Suicide: Not So Painless

Sean Ross, Staff Member

“Suicide happens when you have more pain than resources,” says Beth Hanis of Contra Costa Supported Education Services, who held a seminar in the Margaret Lesher Student Union in honor of National Suicide Prevention day on Sept. 10. “Some people have been habitually traumatized. For them, victimhood becomes a learned role.” For some, the only escape from that role is suicide, an issue rarely afforded space in. At this very moment as you, dear reader, gaze upon these words someone somewhere has abandoned all hope and taken their own life. In another forty seconds, someone else will do the same.

According to Hanis, the group most prone to suicide are young men ages 15-24, as well as men over 60. The former group finds itself looking for an escape from painful experiences and emotions as a result of harmful cultural norms. The latter group often find themselves losing their sense of purpose, and consequently their sense of meaning and self-actualization.

Hanis also spoke of the taboos surrounding the discussion of suicide and the resultant difficulties presented in both spreading awareness of the issue and hindering our ability to intervene; the predominantly empty seats in the room lent their silent credence to the point. The symptoms of an imminent suicide are often subtle, and taken individually may seem innocuous.

Given the aforementioned taboos surrounding suicide even as a topic, many of us simply lack the awareness to piece together the warning signs our friends and loved ones may be presenting. Those warning signs can easily be remembered with the following acronym, ISPATHWARM:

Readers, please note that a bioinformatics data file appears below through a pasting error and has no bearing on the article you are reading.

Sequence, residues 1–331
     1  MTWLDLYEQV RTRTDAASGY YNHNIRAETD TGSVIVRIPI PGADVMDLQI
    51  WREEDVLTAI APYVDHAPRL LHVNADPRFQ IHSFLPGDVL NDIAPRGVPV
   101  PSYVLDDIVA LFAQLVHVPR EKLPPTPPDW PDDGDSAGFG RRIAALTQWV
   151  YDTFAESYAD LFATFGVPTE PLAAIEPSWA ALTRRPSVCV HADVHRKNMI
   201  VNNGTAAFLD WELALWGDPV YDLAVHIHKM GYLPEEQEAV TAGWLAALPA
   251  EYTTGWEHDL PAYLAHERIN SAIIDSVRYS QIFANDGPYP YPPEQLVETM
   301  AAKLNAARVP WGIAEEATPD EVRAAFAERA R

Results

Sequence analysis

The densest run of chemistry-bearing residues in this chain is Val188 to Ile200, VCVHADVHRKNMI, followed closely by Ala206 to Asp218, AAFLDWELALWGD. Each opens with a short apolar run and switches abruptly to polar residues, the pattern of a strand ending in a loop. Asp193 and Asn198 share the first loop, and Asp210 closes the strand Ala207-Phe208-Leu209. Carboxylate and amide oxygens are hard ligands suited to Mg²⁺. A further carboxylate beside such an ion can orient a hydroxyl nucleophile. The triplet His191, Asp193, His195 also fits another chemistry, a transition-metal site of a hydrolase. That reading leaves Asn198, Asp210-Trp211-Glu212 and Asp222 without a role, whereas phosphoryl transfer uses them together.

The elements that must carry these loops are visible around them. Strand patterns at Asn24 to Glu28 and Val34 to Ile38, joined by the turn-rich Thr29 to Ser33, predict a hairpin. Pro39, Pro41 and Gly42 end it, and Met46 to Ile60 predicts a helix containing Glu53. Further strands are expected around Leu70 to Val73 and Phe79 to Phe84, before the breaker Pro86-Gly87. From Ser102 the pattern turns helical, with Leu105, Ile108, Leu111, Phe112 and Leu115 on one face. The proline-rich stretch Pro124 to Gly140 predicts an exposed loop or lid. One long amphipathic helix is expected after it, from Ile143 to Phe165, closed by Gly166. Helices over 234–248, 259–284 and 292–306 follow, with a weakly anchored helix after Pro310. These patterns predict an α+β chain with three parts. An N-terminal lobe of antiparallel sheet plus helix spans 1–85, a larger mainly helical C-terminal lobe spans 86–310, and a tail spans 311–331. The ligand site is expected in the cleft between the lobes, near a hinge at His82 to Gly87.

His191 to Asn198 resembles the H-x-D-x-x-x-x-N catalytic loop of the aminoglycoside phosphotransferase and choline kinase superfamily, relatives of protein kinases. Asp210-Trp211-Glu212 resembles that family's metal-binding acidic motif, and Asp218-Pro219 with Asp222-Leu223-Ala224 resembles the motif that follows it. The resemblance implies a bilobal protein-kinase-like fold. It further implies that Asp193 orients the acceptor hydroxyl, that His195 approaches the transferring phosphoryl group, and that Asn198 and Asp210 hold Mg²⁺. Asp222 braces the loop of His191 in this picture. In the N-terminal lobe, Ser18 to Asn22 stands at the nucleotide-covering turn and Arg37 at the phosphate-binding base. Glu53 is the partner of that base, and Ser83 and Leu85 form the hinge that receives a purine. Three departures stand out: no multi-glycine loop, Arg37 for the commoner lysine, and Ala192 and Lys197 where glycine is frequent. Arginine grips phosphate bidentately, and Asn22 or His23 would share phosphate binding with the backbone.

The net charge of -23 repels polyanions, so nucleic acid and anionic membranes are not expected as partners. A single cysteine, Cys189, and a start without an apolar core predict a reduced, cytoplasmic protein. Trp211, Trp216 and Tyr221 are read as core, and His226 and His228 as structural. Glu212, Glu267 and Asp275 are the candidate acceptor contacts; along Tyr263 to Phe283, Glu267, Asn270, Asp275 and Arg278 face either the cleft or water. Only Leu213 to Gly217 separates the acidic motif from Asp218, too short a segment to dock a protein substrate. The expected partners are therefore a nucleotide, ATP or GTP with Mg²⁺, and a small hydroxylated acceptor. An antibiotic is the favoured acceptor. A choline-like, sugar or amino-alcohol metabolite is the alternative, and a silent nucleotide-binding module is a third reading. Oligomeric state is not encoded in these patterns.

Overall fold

• Ideas, or notions or hints that may be cause for concern (for example: “I’m not sure I can keep going,” “am I really going to make it?” etc.).
  • Substance abuse.
  • Purposelessness, or a feeling of being constantly adrift and unable to latch on to a sense of meaning or self concept.
  • Anxiety can be symptomatic of a variety of things depending on a particular individual’s response to stress.
  • Trapped; sufferers, especially younger individuals, trapped by their circumstances and powerless to escape their situation.
  • Hopelessness; Defeated, disillusioned and disinterested.
  • Withdrawal from social interaction in general can also be a symptom.
  • Anger often accompanies withdrawal as a means of keeping others at bay and enforcing their self-imposed hermitage.
  • Recklessness is often the hallmark of one who places a low value on their own life.  When all of the above abruptly goes out the window and the sufferer suddenly seems happier and at ease with themselves?
  • Mood Changes; That’s when you should really pay attention, because such mood changes are a good indicator that the individual has come to some sort of decision; it’s now up to you to figure out whether that decision is a potentially lethal one or not.

While it may be the most uncomfortable and awkward conversation you may ever have to start, if someone you know is displaying the above symptoms do not hesitate to sit down and have that talk. Even if you think your involvement might just make things worse. “Someone who is contemplating suicide isn’t going to become more inclined to do it because you asked if they’re ok,” said Hanis. That simple act of reaching out might just save a life.